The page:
[The JRB Daily] Zakes Mda and Greg Marinovich win Sunday Times Literary Awards

Zakes Mda and Greg Marinovich were announced as the winners of the 2017 Sunday Times Literary Awards last night.

The awards celebrate the best of South African non-fiction and fiction from the previous year. Each winner receives R100,000.

Mda won the 17th Barry Ronge Fiction Prize for his novel Little Suns, which the judges called ‘a novel of rich, magical African imagery’. ‘Mda delights in his story,’ they continued, ‘bringing history to glorious life in writing that is unique to him.’

Mda, who had delivered the keynote address at the event, seemed truly surprised to be announced as the winner.

‘Oh my goodness, I feel so guilty now,’ he said when he reached the podium. ‘No, really. I was hoping you did a Steve Harvey and that you were going to correct that to the rightful winner. But anyway, thank you very much, judges, and the Sunday Times. I’ve spoken already, anyway. Thank you–and sorry!’

Mda was shortlisted alongside Bronwyn Law-Viljoen for The Printmaker, Kopano Matlwa for Period Pain, Yewande Omotoso for The Woman Next Door and Mark Winkler for The Safest Place You Know.

The Barry Ronge Fiction Prize was judged by Rehana Rossouw (chair), Africa Melane and Kate Rogan.

Marinovich won the Alan Paton Award for non-fiction for Murder at Small Koppie: The Real Story of the Marikana Massacre. The judges called it ‘reportage at its best’.

Murder at Small Koppie is a damning, gripping book about a turning point in our democracy, which speaks eloquently about where we are as a nation,’ the judges said. ‘It is one of the most important books this year. So far, the most definitive account of the Marikana massacre.’

In his speech, Marinovich stressed the importance of remembering that the miners are at the centre of the story he told in the book.

‘Thank you very much. I want to thank the Sunday Times and the judges, and everyone who contribute to the writing of the book. But most especially I want to just make sure we remember the story is about the miners, it’s their story, and people of that community and what they went through, and sadly what they continue to go through, these unaddressed issues of another great South African injustice.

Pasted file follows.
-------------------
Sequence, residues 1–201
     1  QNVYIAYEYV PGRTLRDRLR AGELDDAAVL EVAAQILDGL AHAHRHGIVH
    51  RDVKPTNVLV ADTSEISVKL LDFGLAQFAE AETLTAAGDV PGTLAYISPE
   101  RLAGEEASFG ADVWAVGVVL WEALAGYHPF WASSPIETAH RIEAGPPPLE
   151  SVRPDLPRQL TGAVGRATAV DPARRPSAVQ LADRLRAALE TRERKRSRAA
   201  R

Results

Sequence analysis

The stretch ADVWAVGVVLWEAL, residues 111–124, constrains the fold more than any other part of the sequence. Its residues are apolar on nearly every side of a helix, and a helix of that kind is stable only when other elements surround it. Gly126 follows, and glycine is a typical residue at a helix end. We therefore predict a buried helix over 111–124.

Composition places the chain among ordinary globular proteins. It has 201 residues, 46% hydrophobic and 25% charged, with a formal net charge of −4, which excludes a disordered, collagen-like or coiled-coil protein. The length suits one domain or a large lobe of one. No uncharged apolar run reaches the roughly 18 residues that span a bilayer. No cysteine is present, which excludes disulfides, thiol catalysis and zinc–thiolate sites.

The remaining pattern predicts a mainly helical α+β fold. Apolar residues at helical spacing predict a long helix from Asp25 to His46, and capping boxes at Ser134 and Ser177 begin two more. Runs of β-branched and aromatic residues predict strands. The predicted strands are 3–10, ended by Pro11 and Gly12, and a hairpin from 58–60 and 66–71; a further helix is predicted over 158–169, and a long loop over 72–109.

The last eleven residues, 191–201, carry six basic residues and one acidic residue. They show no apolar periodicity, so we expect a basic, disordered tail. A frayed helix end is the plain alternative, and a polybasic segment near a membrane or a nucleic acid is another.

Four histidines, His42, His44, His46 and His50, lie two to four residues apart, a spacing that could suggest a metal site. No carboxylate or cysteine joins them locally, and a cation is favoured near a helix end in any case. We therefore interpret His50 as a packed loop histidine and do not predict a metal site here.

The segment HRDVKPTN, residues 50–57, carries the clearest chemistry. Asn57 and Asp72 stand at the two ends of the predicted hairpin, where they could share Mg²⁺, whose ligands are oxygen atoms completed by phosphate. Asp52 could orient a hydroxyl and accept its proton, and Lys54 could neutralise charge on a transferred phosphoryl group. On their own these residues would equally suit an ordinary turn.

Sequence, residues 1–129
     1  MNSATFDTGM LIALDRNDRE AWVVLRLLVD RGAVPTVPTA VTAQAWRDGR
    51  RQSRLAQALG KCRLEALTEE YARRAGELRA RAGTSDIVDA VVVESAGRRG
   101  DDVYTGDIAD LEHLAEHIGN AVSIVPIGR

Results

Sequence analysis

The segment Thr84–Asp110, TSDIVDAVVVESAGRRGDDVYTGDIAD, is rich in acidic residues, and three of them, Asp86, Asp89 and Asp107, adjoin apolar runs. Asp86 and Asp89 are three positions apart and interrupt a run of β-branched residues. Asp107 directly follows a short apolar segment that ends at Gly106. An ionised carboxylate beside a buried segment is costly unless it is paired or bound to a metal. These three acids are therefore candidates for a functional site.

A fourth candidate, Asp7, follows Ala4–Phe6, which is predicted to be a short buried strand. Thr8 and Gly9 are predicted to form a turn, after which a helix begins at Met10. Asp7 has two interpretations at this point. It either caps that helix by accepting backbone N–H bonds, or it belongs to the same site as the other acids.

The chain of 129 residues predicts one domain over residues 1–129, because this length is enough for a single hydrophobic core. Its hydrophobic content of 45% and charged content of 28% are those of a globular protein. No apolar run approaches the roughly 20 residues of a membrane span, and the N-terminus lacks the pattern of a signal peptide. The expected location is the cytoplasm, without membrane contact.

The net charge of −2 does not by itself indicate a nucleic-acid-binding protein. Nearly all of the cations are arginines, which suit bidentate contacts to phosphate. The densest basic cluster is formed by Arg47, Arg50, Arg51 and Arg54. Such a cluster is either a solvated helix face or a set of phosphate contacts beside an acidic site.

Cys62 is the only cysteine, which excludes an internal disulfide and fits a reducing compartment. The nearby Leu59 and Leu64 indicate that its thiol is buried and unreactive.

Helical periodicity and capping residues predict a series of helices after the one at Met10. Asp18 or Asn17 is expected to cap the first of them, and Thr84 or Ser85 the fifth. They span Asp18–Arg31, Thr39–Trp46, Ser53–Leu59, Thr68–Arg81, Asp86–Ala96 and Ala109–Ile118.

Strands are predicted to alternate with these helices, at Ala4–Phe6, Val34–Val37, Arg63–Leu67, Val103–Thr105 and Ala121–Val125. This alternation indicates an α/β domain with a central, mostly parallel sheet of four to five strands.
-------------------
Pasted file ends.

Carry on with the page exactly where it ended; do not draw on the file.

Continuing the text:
‘But I hope that the book portrays the people who suffered through this terrible, it’s not a tragedy is a crime, that they are not just victims, they are people with agency who stood up for themselves and did something that’s unpopular. They tried to disrupt the status quo and the patronage system and the exploitation.

‘I especially also want to thank Thapelo Lekgowa who worked with me as my translator, without whom this really would not have been possible.

‘I hope that this award will ensure that the stand of Marikana is not forgotten and that justice eventually prevails. Thank you.’

Marinovich was shortlisted alongside Sean Christie for Under Nelson Mandela Boulevard: Life Among the Stowaways, Christa Kuljian for Darwin’s Hunch: Science, Race, and the Search for Human Origins, Dikgang Moseneke for My Own Liberator: A Memoir and Steven Robins for Letters of Stone: From Nazi Germany to South Africa.

The Alan Paton Award was judged by Pippa Green (chair), Tinyiko Maluleke and Johann Kriegler.

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